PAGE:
• 7
    Hsu CY, Joniau S, Oyen R, Roskams T, Van Poppel H: Outcome of surgery for clinical unilateral T3a prostate cancer: a single-institution experience. Eur Urol. 2007; 51: 121-8; discussion 128-9.
  • 8
    Hsu CY, Joniau S, Van Poppel H. Radical prostatectomy for locally advanced prostate cancer:Technical aspects of radical prostatectomy. EAU Update Series. 2005; 3: 90-7.
  • 9
    Karakiewicz PI, Eastham JA, Graefen M, Cagiannos I, Stricker PD, Klein E, et al.: Prognostic impact of positive surgical margins in surgically treated prostate cancer: multi-institutional assessment of 5831patients. Urology. 2005; 66: 1245-50.
  • 10
    Swindle P, Eastham JA, Ohori M, Kattan MW, Wheeler T, Maru N, et al.: Do margins matter? The prognostic significance of positive surgical margins in radical prostatectomy specimens. J Urol. 2005; 174: 903-7.
  • 11
    Wright JL, Dalkin BL, True LD, Ellis WJ, Stanford JL, Lange PH, et al.: Positive surgical margins at radical prostatectomy predict prostate cancer specific mortality. J Urol. 2010; 183: 2213-8.
  • 12
    Tewari A, Srivasatava A, Menon M; Members of the VIP Team: A prospective comparison of radical retropubic and robot-assisted prostatectomy: experience in one institution. BJU Int. 2003; 92: 205-10.
  • 13
    Bahler CD, Foster RS, Bihrle R, Beck SD, Gardner TA, Sundaram CP, et al.: Radical prostatectomy as initial monotherapy for patients with pathologically confirmed high-grade prostate cancer. BJU Int. 2010; 105: 1372-6.
  • 14
    Boorjian SA, Blute ML: Surgical management of high risk prostate cancer: the Mayo Clinic experience. Urol Oncol. 2008; 26: 530-2.
  • 15
    Donohue JF, Bianco FJ Jr, Kuroiwa K, Vickers AJ, Wheeler TM, Scardino PT, et al.: Poorly differentiated prostate cancer treated with radical prostatectomy: long-term outcome and incidence of pathologicaldowngrading. J Urol. 2006; 176: 991-5.
  • 16
    Yossepowitch O, Eastham JA: Role of radical prostatectomy in the treatment of high-risk prostate cancer. Curr Urol Rep. 2008; 9: 203-10.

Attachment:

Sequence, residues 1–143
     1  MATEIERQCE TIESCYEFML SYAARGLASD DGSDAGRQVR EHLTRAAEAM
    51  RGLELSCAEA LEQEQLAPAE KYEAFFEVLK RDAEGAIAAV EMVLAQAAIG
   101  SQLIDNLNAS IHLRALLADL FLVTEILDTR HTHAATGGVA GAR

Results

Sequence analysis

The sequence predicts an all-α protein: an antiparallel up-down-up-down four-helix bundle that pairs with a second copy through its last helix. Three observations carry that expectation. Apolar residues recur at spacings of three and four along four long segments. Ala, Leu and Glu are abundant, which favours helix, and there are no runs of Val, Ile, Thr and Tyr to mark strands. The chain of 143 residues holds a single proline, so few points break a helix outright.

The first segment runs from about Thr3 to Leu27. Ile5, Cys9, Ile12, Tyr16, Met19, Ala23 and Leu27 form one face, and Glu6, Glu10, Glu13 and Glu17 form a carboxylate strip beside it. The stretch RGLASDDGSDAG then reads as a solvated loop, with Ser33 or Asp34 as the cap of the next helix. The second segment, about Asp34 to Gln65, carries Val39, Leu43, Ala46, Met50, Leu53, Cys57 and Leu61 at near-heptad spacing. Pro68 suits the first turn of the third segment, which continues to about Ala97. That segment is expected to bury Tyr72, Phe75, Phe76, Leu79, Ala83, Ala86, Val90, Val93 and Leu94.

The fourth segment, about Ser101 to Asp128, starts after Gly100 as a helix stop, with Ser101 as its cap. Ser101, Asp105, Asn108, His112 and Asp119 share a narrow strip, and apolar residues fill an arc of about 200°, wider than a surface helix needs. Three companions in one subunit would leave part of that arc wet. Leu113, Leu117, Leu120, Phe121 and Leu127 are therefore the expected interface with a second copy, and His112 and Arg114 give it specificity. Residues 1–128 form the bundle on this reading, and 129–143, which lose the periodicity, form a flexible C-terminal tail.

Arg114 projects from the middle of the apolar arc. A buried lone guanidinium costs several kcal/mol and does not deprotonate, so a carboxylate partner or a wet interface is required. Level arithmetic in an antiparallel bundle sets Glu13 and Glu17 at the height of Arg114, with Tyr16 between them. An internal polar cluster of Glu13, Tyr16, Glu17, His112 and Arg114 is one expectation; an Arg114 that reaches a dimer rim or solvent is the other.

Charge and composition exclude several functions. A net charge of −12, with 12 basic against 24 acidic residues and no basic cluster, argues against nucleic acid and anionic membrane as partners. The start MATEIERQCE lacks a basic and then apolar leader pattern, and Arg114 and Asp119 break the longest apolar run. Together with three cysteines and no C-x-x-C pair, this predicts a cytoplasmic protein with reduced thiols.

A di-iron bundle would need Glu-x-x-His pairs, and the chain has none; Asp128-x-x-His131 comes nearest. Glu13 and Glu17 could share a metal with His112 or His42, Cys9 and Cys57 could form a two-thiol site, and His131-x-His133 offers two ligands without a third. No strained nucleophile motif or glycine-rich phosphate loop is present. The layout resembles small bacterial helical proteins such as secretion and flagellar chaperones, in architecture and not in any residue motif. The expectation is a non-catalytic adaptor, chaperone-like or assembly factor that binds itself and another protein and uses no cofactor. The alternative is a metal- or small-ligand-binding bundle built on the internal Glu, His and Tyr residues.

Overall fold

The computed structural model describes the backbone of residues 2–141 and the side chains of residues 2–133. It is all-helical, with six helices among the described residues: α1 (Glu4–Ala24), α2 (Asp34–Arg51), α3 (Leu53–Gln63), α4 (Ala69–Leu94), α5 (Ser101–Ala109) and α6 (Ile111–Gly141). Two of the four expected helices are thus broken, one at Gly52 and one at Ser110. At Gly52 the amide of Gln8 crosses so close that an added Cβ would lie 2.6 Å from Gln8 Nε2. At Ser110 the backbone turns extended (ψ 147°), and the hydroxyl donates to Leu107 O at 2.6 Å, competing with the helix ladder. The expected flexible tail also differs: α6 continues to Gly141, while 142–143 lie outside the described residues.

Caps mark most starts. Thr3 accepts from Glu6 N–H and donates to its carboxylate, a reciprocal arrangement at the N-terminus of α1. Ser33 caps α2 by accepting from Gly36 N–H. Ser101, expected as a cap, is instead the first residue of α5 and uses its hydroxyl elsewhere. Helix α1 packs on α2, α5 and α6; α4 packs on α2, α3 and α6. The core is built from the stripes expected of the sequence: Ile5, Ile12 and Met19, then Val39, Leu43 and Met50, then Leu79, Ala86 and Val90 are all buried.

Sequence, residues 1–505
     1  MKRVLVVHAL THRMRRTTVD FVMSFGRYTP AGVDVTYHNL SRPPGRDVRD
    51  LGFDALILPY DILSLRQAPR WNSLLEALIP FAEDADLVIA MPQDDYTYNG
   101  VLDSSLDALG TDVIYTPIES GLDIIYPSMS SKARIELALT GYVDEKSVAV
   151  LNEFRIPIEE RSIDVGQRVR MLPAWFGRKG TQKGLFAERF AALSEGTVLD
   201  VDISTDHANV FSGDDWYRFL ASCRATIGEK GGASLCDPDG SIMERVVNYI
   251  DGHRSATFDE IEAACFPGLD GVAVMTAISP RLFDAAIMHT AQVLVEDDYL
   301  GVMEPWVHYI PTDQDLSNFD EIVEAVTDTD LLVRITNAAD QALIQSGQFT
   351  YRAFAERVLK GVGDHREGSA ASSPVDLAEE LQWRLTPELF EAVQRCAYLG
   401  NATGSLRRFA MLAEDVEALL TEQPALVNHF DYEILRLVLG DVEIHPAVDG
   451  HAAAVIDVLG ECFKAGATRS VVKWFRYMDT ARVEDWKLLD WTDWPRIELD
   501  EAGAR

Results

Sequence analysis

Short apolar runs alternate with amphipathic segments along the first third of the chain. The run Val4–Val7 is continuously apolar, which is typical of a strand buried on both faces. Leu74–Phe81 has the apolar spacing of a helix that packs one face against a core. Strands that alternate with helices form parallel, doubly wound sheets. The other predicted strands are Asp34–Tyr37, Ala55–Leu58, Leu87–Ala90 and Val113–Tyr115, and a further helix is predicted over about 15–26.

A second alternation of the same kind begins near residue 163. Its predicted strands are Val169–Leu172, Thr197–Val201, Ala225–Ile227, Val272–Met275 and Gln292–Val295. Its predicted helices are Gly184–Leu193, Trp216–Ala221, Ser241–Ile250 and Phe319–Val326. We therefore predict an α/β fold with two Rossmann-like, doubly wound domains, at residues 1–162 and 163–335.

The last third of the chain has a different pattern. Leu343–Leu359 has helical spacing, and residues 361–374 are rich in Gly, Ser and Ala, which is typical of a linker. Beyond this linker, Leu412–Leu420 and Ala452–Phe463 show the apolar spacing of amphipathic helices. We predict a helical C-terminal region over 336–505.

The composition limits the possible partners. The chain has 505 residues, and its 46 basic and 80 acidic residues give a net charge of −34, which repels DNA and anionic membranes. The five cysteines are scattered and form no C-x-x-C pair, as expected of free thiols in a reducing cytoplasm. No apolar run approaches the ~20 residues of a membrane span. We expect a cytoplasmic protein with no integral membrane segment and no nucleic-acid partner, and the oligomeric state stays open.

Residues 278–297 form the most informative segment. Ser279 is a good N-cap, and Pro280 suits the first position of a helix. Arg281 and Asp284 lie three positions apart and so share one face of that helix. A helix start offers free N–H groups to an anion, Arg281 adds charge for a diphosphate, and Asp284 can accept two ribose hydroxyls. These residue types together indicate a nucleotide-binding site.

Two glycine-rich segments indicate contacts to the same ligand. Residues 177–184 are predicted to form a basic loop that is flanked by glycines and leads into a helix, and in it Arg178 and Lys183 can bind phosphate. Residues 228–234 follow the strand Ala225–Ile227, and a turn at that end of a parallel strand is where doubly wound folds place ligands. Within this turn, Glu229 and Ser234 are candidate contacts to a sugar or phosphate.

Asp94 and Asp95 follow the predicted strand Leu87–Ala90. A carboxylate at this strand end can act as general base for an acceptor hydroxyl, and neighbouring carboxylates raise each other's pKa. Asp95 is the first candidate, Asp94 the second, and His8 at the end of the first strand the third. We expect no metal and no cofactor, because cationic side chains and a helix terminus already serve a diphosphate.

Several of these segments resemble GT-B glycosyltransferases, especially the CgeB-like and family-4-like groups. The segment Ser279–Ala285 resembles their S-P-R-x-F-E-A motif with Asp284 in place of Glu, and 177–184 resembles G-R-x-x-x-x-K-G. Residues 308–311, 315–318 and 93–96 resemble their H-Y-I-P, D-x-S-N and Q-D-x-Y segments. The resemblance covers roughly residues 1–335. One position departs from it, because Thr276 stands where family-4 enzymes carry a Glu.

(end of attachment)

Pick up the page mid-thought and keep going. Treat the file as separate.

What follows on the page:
• 17
    Gonzalez JR, Laudano MA, McCann TR, McKiernan JM, Benson MC: A review of high-risk prostate cancer and the role of neo-adjuvant and adjuvant therapies. World J Urol. 2008; 26: 475-80.
  • 18
    Lau WK, Bergstralh EJ, Blute ML, Slezak JM, Zincke H: Radical prostatectomy for pathological Gleason 8 or greater prostate cancer: influence of concomitant pathological variables. J Urol. 2002; 167: 117-22. Erratum in: J Urol. 2004; 171(2 Pt 1): 811.
  • 19
    Zincke H, Fleming TR, Furlow WL, Myers RP, Utz DC: Radical retropubic prostatectomy and pelvic lymphadenectomy for high-stage cancer of the prostate. Cancer. 1981; 47: 1901-10.
  • 20
    Singh I, Hemal AK: Robotic-assisted radical prostatectomy in 2010. Expert Rev Anticancer Ther. 2010; 10: 671-82.
  • 21
    Hoznek A, Salomon L, Olsson LE, Antiphon P, Saint F, Cicco A, et al.: Laparoscopic radical prostatectomy. The Créteil experience. Eur Urol. 2001; 40: 38-45.
  • 22
    Wilson T, Torrey R: Open versus robotic-assisted radical prostatectomy: which is better? Curr Opin Urol. 2011; 21: 200-5.
  • 23
    Menon M, Tewari A, Baize B, Guillonneau B, Vallancien G: Prospective comparison of radical retropubic prostatectomy and robot-assisted anatomic prostatectomy: the VattikutiUrology Institute experience. Urology. 2002; 60: 864-8.
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    Touijer K, Eastham JA, Secin FP, Romero Otero J, Serio A, Stasi J, et al.: Comprehensive prospective comparative analysis of outcomes between open and laparoscopic radical prostatectomyconducted in 2003 to 2005. J Urol. 2008; 179: 1811-7; discussion 1817.
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Publication Dates

  • Publication in this collection
    Sep-Oct 2013

History

  • Received
    22 Jan 2013
  • Accepted
    28 Aug 2013